In recent weeks, Chakrabarti has been a pain in AOC’s neck.

Early last month, he came under fire for wearing a t-shirt featuring Subhas Chandra Bose, an Indian nationalist whom Adolf Hitler recognized as the leader of the Free India Government. Bose broadcast Hitler’s propaganda and enlisted tens of thousands of Indians to support the Japanese invasion of British India in 1944 as part of Hitler’s war against Britain. While AOC herself had quoted Evita Perón, the Nazi sympathizer first lady of Argentina, Chakrabarti’s mistake may have irked her.

Also last month, AOC’s then-chief of staff admitted that the Green New Deal “wasn’t originally a climate thing at all.” He added that his office “really” thinks of it “as a how-do-you-change-the-entire-economy thing.” This seemingly confirmed conservatives’ suspicions that the key environmentalist project started as a socialist proposal. As Rush Limbaugh said in 1992, environmentalists are socialists in green clothing.

But Chakrabarti’s sin against Pelosi involved comparing a Native American congresswoman to the Ku Klux Klan.

In late June, Republicans and Democrats squabbled over a pair of bills to fund border agencies desperately in need of money to handle the horde of migrants crossing America’s southern border. House Democrats eventually approved the clean funding bill passed overwhelmingly by the Senate, but Pelosi originally had her own bill with limits on the president.

Ocasio-Cortez and her three close allies — Representatives Ilhan Omar (D-Minn.), Ayanna Pressley (D-Mass.), and Rashida Tlaib (D-Mich.) — refused to vote even for the original Democratic bill, claiming the border security system itself is racist.

In the midst of this battle, Chakrabarti condemned centrist Democrats who voted for the bill as “new Southern Democrats” who “certainly seem hell-bent to do to black and brown people today what the old Southern Democrats did in the 40s,” a potential reference to the Ku Klux Klan. In other words, by abetting law enforcement (the demonized ICE) in enforcing U.S. immigration law and giving them more money to better the conditions at detention facilities, House Democrats were effectively helping a racist terror organization. Another liberal asked if Chakrabarti would apply this even to Rep. Sharice Davids (D-Kan.), a Native American of color. He did so.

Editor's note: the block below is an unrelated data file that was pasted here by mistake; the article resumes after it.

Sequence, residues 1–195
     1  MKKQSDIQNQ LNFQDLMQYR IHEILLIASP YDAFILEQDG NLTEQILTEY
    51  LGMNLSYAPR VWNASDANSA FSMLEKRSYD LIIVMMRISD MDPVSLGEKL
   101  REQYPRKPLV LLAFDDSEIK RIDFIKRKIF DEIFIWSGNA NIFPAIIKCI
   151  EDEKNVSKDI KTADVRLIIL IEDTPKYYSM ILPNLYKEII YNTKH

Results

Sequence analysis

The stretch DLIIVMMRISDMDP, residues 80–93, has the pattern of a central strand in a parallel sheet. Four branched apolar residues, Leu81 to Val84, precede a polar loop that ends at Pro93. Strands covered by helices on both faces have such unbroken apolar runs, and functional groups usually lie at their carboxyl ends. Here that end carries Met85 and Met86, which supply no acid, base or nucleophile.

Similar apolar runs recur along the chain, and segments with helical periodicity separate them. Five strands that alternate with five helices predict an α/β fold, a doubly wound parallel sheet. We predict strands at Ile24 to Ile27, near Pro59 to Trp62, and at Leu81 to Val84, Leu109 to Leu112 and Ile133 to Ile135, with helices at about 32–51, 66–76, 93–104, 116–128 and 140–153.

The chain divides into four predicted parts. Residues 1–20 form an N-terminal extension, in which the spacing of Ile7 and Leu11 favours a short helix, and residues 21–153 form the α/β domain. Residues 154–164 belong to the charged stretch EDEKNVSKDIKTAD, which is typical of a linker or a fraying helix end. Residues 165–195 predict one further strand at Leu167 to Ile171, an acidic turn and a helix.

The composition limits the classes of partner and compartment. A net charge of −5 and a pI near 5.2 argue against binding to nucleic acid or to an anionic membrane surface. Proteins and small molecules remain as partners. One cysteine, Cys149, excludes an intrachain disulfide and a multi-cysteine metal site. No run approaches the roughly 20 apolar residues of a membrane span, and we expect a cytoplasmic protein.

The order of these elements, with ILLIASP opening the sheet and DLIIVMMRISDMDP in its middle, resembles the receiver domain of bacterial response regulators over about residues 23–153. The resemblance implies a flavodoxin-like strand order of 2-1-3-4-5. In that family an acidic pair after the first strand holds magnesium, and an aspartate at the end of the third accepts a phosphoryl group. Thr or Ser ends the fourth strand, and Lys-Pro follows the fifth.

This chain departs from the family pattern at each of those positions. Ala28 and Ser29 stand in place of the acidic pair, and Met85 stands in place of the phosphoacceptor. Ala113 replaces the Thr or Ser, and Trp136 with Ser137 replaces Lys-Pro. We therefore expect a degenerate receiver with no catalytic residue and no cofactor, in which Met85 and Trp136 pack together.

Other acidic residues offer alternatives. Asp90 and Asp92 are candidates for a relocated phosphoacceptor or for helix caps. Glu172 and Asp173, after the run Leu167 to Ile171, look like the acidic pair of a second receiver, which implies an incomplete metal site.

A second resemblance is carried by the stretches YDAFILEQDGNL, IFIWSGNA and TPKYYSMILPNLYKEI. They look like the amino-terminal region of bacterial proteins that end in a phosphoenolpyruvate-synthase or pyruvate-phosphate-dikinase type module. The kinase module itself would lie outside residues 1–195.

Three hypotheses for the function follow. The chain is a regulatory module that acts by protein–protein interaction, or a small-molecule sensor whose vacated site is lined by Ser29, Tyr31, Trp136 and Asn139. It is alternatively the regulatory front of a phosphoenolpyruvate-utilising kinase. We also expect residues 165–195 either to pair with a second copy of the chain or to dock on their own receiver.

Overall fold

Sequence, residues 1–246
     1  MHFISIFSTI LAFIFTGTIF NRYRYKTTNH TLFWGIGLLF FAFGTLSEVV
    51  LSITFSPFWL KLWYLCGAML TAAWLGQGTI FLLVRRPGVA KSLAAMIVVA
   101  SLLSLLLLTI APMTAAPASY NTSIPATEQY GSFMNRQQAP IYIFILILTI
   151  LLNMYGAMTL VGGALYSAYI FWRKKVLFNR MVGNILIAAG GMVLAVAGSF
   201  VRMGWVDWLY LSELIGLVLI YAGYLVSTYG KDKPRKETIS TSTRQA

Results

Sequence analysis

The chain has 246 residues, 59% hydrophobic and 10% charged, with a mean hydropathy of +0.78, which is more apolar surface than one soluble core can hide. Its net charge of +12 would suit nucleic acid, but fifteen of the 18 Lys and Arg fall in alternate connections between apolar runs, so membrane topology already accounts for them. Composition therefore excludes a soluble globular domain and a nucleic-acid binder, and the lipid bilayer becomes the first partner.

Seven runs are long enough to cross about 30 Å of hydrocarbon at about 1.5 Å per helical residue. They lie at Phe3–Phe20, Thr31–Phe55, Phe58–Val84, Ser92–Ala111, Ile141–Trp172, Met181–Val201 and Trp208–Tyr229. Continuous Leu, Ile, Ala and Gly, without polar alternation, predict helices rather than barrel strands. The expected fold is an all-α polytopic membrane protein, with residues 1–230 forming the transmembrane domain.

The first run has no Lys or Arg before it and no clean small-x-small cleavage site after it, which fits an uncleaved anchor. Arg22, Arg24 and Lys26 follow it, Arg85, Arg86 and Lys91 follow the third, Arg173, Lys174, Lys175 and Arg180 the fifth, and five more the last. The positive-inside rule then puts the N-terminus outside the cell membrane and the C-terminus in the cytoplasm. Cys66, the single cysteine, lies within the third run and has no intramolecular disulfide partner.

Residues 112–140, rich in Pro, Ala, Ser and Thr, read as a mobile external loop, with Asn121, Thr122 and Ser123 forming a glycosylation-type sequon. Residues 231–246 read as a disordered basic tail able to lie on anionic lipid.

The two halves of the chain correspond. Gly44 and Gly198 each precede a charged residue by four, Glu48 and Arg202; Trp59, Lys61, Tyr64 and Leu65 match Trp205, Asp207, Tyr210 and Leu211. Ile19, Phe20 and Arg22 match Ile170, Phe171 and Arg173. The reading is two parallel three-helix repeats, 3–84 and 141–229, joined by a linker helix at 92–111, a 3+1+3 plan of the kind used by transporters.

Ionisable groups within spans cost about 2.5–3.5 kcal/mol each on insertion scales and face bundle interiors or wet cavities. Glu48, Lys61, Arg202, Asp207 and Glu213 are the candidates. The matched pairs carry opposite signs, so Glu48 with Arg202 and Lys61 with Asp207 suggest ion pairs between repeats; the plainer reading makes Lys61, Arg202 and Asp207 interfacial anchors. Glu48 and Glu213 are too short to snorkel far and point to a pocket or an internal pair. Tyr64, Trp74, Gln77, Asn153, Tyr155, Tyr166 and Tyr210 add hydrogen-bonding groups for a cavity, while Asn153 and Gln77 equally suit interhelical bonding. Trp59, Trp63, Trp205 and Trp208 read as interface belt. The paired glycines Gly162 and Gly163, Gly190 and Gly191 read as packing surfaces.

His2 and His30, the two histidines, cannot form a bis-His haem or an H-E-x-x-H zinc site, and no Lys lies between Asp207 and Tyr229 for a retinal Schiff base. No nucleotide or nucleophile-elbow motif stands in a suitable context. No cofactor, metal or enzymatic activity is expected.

“I think the point still stands. I don’t think people have to be personally racist to enable a racist system. And the same could even be said of the Southern Democrats. I don’t believe Sharice is a racist person, but her votes are showing her to enable a racist system,” he tweeted. While he deleted the first tweet, he did not delete the second.

The official House Democrats account attacked Chakrabarti.

“Who is this guy and why is he explicitly singling out a Native American woman of color? Her name is Congresswoman Davids, not Sharice. She is a phenomenal new member who flipped a red seat blue. Keep Her Name Out Of Your Mouth,” the account, which aims to represent the House Democratic caucus and is reportedly controlled by Rep. Hakeem Jeffries (D-N.Y.), tweeted. That tweet has since been deleted.

Drew Hammill, Pelosi’s deputy chief of staff, retweeted that message. In other words, it seems highly likely that Pelosi or her staff had a direct beef with Chakrabarti.

Last week, AOC met with Pelosi in a closed-door meeting that the speaker proudly posted in Twitter. PJ Media’s Stephen Kruiser noted that the young congresswoman looks much happier than the speaker of the House.

After the meeting, AOC called the meeting “positive” and “productive,” and said Pelosi “absolutely” understood her concerns. In other words, there was a meeting of the minds.

It appears AOC may have done her part by nixing Chakrabarti — sorry, I mean “politely asking him to go work on the Green New Deal somewhere else.” The real question is, what is Pelosi’s part of the bargain? What does AOC get for this enormous concession?

Follow Tyler O’Neil, the author of this article, on Twitter at @Tyler2ONeil.